While taking no view on the historical authenticity of the ritual, the authors of a 2022 study concluded that the ritual as described was not inconsistent either with physiology or the tools available within the sociocultural context of the Viking era. They further concluded that, were it performed in the most extreme versions depicted in the sagas and the subject of the torture still lived at that point, death would have followed the severing of the ribs from the spine within seconds, due either to exsanguination or asphyxiation.[19][20]

In popular culture


  1. ^ a b Frank, Roberta (1984). "Viking atrocity and Skaldic verse: The Rite of the Blood-Eagle". English Historical Review. XCIX (CCCXCI). Oxford Journals: 332–343. doi:10.1093/ehr/XCIX.CCCXCI.332.
  2. ^ Tracy, Larissa (2012). Torture and Brutality in Medieval Literature: Negotiations of National Identity. DS Brewer. pp. 109–111. ISBN 9781843842880. Archived from the original on 2015-09-23. Retrieved 2015-03-30.
  3. ^ Dash, Mike (18 March 2013). "The Vengeance of Ivarr the Boneless". Smithsonian. Retrieved 30 March 2015.
  4. ^ Pálsson & Edwards (1981), p. 10, Introduction
  5. ^ Vigfússon, Guðbrandur (1887). Orkneyinga saga and Magnus saga. Vol. 1. Translated by Dasent, George Webbe. His Majesty's Stationery Office / Oxford University. with appendices
  6. ^ Dasent, G.W. (1894). "Icelandic Sagas and other Historical Documents Relating to the Settlements and Descents of the Northmen on the British Isles – Volume III – The Orkneyinger's Saga". Rerum Britannicarum Medii Ævi Scriptores, or, Chronicles and Memorials of Great Britain and Ireland During the Middle Ages. 88 (3). London, UK: Public Record Office of Great Britain: xxvi, 8–9. Retrieved 30 March 2015.
  7. ^ Sturluson, Snorri. "Heimskringla in Old Norse".
  8. ^ Hollander, Lee (2009) [1964]. Heimskringla: History of the Kings of Norway (7th ed.). University of Texas Press. p. 84. ISBN 9780292786967.
  9. ^ a b Matthew Townend (ed.) 2012, ‘Sigvatr Þórðarson, Knútsdrápa 1’ in Diana Whaley (ed.), Poetry from the Kings’ Sagas 1: From Mythical Times to c. 1035. Skaldic Poetry of the Scandinavian Middle Ages 1. Turnhout: Brepols, p. 651. [1]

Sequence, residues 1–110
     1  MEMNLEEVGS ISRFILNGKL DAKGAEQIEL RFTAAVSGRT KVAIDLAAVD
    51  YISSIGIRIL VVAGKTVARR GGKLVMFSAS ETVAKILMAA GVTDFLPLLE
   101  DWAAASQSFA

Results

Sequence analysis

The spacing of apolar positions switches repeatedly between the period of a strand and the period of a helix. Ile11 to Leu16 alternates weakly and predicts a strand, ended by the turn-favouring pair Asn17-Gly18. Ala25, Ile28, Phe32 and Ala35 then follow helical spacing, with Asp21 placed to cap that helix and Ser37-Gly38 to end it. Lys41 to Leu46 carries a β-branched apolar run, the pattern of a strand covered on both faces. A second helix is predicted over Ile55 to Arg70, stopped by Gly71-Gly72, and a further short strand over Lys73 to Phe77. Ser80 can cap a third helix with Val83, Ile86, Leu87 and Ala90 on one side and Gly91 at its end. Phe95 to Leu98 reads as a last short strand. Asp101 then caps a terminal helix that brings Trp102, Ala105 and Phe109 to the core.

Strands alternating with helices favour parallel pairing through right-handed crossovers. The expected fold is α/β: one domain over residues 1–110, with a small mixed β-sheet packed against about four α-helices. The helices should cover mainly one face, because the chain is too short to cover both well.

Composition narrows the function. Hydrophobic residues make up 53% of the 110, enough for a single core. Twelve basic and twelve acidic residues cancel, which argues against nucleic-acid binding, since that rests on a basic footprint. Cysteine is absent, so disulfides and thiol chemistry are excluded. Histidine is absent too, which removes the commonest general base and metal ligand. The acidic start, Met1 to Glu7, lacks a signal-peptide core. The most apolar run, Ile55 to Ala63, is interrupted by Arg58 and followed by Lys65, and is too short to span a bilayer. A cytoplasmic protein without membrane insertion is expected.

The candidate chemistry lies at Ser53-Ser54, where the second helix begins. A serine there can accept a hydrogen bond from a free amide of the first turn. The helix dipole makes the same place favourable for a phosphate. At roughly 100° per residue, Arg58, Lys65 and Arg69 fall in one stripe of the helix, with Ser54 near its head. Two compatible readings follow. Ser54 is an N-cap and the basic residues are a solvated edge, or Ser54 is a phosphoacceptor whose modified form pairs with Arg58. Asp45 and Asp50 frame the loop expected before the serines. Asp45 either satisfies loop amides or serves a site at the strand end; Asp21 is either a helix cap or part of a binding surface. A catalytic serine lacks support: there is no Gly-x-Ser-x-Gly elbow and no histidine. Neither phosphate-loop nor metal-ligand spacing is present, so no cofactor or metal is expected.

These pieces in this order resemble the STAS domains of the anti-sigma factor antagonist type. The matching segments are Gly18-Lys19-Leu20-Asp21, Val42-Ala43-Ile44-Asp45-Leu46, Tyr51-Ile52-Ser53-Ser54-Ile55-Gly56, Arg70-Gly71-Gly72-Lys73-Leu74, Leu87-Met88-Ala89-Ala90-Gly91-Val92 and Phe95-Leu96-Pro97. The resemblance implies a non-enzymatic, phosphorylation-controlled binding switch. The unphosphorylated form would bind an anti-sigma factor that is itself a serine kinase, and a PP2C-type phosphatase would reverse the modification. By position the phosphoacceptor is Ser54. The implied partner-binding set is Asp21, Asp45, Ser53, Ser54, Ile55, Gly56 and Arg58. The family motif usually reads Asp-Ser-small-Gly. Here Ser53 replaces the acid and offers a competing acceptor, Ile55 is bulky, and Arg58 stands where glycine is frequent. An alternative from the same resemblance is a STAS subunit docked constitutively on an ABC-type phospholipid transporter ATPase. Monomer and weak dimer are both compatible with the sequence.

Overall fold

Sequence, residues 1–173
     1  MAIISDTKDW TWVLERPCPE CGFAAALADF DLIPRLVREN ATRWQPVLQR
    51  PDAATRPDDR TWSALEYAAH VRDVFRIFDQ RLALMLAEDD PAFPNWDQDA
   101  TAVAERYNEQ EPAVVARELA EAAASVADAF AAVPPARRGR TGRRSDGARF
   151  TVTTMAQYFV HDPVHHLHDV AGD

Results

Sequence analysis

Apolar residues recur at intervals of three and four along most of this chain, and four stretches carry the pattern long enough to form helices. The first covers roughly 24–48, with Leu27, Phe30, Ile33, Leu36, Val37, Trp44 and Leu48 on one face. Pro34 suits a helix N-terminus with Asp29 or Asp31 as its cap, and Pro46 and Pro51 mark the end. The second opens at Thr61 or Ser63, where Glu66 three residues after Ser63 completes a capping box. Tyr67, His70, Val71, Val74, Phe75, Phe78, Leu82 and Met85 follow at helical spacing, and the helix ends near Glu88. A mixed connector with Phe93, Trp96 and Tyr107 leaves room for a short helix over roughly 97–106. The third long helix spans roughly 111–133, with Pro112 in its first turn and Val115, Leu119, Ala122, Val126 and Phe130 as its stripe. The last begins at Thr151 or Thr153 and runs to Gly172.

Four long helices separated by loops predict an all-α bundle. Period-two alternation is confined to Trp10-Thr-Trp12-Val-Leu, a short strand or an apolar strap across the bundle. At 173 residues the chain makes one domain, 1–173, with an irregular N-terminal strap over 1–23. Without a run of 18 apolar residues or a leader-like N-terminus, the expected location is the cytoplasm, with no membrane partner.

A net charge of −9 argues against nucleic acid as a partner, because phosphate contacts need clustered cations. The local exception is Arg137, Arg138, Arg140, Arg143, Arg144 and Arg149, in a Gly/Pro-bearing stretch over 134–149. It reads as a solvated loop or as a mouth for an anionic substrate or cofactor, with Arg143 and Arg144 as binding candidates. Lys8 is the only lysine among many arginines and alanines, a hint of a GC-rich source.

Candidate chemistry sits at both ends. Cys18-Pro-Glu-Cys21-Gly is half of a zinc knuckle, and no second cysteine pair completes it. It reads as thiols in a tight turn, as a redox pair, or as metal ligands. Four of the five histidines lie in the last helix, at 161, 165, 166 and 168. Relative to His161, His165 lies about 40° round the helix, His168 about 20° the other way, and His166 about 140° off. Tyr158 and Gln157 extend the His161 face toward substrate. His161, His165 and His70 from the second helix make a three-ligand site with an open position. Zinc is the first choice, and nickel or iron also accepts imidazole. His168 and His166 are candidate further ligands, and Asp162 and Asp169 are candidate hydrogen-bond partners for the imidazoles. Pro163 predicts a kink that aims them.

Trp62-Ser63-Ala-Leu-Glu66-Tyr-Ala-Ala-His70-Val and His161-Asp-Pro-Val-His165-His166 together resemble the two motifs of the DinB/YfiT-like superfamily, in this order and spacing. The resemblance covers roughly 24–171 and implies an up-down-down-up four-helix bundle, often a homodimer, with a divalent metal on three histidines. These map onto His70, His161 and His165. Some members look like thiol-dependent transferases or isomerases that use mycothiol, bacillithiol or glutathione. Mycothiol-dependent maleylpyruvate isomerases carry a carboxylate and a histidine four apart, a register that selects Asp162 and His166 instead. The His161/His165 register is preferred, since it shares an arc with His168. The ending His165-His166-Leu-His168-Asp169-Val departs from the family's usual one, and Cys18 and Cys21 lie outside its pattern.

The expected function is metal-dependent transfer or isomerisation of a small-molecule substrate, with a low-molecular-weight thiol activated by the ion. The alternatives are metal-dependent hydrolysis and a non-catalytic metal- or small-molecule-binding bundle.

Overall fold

see also: Knútsdrápa
  10. ^ Saxo Grammaticus. Gesta Danorum. book 9, chapter 5, section 5. Archived from the original on 2010-09-02. Retrieved 2019-11-18.
  11. ^ "Book IX". The Danish History – via Wikisource.
  12. ^ a b "Norna-Gests þáttr".
    see also Norna-Gests þáttr
  13. ^ "Norna-Gests þáttr". Translated by Hardman. Archived from the original on 2010-03-23.
  14. ^ Alfred P. Smyth, Scandinavian Kings in the British Isles, 850–880 (1977), Oxford, pp. 212–213
  15. ^ Frank 1984, p. 334
  16. ^ Horspool, David (2006). King Alfred: Burnt Cakes and Other Legends. London: Profile Books. pp. 44–45. ISBN 067402320X.
  17. ^ Baraz, David (2003). Medieval Cruelty: Changing Perceptions, Late Antiquity to the Early Modern Period. Ithaca, NY: Cornell University Press. p. 67. ISBN 978-0801438172., citing: Bjarni Einarsson, "De Normanorum Atrocitate, or on the Execution of Royalty by the Aqueline Method", The Saga Book, 22 (1988): 79–82; Roberta Frank, "The Blood-Eagle Again", The Saga Book, 22 (1988): 287–289 ; Bjarni Einarsson and Roberta Frank, "The Blood-Eagle Once More: Two Notes", The Saga Book, 23 (1990): 80–83.
  18. ^ Hutton, Ronald (1991). The Pagan Religions of the Ancient British Isles: Their Nature and Legacy states. Oxford: Blackwell. p. 282. ISBN 978-0631172888.
  19. ^ Murphy, Luke John; Fuller, Heidi R.; Willan, Peter L. T.; Gates, Monte A. (2022). "An Anatomy of the Blood Eagle: The Practicalities of Viking Torture". Speculum. 97 (1): 1–39. doi:10.1086/717332. S2CID 245220700.
  20. ^ Ouellette, Jennifer (10 January 2022). "Gruesome Viking "blood eagle" ritual is anatomically possible, study finds: But victims would have died long before the torturous execution concluded". ArsTechnica. Retrieved 15 January 2022.